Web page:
government at home, and the war with France?"

"He did not," snapped Willoughby. "He was informed of both, and
also of my coming before he set out."

"Oh, impossible!"

"So I should have thought. But I have the information from a Major
Mallard whom I found in Port Royal, apparently governing in this
fool's absence."

"But is he mad, to leave his post at such a time?" Blood was amazed.

"Taking the whole fleet with him, pray remember, and leaving the
place open to French attack. That is the sort of Deputy-Governor
that the late Government thought fit to appoint: an epitome of its
misrule, damme! He leaves Port Royal unguarded save by a ramshackle
fort that can be reduced to rubble in an hour. Stab me! It's

The lingering smile faded from Blood's face. "Is Rivarol aware of
this?" he cried sharply.

It was the Dutch Admiral who answered him. "Vould he go dere if
he were not? M. de Rivarol he take some of our men prisoners.
Berhabs dey dell him. Berhabs he make dem tell. Id is a great

His lordship snarled like a mountain-cat. "That rascal Bishop shall
answer for it with his head if there's any mischief done through
this desertion of his post. What if it were deliberate, eh? What
if he is more knave than fool? What if this is his way of serving
King James, from whom he held his office?"

Captain Blood was generous. "Hardly so much. It was just
vindictiveness that urged him. It's myself he's hunting at Tortuga,
my lord. But, I'm thinking that while he's about it, I'd best be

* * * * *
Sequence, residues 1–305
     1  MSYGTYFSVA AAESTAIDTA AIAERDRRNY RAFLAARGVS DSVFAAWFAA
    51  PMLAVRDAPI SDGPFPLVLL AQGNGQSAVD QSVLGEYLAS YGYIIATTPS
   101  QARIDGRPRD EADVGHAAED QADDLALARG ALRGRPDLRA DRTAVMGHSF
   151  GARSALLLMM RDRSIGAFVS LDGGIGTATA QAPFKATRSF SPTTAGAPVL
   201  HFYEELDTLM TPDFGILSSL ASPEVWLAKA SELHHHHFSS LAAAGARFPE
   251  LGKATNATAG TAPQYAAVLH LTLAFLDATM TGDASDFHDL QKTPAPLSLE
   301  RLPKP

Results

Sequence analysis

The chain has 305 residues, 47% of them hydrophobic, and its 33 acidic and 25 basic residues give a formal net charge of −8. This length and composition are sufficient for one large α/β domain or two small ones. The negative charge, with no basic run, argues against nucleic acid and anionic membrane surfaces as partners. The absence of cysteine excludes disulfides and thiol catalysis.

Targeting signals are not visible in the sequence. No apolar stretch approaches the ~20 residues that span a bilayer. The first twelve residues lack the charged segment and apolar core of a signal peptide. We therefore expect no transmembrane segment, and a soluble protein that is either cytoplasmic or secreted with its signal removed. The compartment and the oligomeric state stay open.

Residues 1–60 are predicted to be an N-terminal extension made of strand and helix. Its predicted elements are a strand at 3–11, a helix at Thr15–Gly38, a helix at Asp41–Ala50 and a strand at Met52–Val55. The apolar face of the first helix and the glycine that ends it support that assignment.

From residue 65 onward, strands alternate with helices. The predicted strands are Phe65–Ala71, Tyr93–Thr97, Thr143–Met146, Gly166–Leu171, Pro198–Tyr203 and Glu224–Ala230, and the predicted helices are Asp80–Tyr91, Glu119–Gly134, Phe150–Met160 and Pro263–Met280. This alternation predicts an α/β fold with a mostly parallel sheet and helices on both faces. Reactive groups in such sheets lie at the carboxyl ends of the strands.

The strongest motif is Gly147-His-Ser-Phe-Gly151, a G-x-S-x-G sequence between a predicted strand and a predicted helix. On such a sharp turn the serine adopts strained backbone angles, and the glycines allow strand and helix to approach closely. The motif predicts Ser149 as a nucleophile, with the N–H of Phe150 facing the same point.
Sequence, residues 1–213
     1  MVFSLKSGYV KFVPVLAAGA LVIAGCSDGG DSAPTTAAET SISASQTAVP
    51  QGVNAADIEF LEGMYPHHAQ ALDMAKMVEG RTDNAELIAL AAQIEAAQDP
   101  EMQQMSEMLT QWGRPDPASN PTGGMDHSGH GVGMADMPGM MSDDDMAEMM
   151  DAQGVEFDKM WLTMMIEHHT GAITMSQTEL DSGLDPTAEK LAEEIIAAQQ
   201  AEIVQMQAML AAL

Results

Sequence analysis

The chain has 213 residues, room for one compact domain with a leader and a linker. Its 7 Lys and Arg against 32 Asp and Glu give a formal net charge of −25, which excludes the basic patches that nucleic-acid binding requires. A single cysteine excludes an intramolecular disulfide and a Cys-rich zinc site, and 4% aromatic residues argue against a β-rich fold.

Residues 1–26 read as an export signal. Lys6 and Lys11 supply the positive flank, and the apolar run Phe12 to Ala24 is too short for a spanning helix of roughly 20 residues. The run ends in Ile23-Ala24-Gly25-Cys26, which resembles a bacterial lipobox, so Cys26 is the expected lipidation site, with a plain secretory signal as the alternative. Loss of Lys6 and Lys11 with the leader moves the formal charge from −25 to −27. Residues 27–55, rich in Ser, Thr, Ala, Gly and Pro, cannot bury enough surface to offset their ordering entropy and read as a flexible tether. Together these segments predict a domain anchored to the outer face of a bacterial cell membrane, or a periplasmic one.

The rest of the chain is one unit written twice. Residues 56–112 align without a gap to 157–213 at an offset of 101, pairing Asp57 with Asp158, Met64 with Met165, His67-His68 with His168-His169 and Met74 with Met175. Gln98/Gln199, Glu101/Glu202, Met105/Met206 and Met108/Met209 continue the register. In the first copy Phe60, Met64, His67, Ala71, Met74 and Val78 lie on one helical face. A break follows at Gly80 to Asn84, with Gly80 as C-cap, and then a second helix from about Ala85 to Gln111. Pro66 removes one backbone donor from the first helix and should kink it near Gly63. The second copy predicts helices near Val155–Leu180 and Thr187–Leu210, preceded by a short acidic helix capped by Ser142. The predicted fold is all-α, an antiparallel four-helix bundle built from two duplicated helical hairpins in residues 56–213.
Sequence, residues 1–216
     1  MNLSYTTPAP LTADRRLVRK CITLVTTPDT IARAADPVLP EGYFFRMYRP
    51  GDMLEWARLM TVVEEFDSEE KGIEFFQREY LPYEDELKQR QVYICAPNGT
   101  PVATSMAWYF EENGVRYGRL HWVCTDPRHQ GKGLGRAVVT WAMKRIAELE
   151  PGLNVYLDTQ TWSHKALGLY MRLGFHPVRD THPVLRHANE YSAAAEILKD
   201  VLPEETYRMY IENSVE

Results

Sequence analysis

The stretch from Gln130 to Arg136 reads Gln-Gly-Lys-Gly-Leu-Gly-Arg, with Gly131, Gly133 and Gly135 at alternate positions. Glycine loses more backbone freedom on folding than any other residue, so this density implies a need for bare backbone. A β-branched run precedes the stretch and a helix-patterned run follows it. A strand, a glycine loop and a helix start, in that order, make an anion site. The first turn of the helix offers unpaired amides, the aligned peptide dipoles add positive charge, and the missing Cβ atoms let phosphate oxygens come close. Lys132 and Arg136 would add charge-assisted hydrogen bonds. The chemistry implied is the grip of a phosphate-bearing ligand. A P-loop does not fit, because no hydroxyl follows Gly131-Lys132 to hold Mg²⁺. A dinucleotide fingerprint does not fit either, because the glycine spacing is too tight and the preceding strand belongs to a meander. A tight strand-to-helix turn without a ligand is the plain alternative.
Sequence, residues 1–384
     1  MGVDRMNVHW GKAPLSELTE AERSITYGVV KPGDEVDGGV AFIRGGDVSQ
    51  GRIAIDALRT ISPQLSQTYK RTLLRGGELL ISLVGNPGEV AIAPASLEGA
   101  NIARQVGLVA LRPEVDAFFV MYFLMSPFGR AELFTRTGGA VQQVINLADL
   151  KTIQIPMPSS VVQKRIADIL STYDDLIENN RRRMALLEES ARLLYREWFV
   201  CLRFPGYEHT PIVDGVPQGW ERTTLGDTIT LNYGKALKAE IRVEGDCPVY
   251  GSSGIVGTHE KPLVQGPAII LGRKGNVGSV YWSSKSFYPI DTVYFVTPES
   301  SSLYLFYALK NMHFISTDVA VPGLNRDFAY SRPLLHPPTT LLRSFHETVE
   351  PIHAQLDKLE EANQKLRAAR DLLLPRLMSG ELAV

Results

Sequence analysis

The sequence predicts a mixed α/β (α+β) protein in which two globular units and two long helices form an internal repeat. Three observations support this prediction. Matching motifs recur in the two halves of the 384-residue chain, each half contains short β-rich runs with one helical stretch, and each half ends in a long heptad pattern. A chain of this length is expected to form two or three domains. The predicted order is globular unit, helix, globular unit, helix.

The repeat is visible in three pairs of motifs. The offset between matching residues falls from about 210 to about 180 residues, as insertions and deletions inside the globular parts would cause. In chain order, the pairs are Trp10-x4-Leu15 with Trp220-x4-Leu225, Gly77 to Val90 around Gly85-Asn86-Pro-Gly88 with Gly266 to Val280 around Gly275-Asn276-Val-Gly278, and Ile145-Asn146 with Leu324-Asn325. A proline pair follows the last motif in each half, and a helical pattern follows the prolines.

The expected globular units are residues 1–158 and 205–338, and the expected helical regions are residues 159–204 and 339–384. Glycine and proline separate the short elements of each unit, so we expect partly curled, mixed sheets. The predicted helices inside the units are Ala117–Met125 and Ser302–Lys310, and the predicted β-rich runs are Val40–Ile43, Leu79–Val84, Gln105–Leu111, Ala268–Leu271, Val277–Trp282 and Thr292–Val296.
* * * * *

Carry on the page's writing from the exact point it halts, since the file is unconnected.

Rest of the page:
looking after Jamaica for King William." He laughed, with more mirth
than he had used in the last two months.

"Set a course for Port Royal, Jeremy, and make all speed. We'll be
level yet with M. de Rivarol, and wipe off some other scores at the
same time."

Both Lord Willoughby and the Admiral were on their feet.

"But you are not equal to it, damme!" cried his lordship. "Any one
of the Frenchman's three ships is a match for both yours, my man."

"In guns - aye," said Blood, and he smiled. "But there's more than
guns that matter in these affairs. If your lordship would like to
see an action fought at sea as an action should be fought, this is
your opportunity."

Both stared at him. "But the odds!" his lordship insisted.

"Id is imbossible," said van der Kuylen, shaking his great head.
"Seamanship is imbordand. Bud guns is guns."

"If I can't defeat him, I can sink my own ships in the channel, and
block him in until Bishop gets back from his wild-goose chase with
his squadron, or until your own fleet turns up."

"And what good will that be, pray?" demanded Willoughby.

"I'll be after telling you. Rivarol is a fool to take this chance,
considering what he's got aboard. He carried in his hold the
treasure plundered from Cartagena, amounting to forty million
livres." They jumped at the mention of that colossal sum. "He
has gone into Port Royal with it. Whether he defeats me or not,
he doesn't come out of Port Royal with it again, and sooner or
later that treasure shall find its way into King William's coffers,
after, say, one fifth share shall have been paid to my buccaneers.
Is that agreed, Lord Willoughby?"

His lordship stood up, and shaking back the cloud of lace from his
wrist, held out a delicate white hand.

"Captain Blood, I discover greatness in you," said he.

"Sure it's your lordship has the fine sight to perceive it," laughed
the Captain.

"Yes, yes! Bud how vill you do id?" growled van der Kuylen.

"Come on deck, and it's a demonstration I'll be giving you before
the day's much older."



"VHY do you vait, my friend?" growled van der Kuylen.

"Aye - in God's name!" snapped Willoughby.

It was the afternoon of that same day, and the two buccaneer ships
rocked gently with idly flapping sails under the lee of the long
spit of land forming the great natural harbour of Port Royal, and
less than a mile from the straits leading into it, which the fort
commanded. It was two hours and more since they had brought up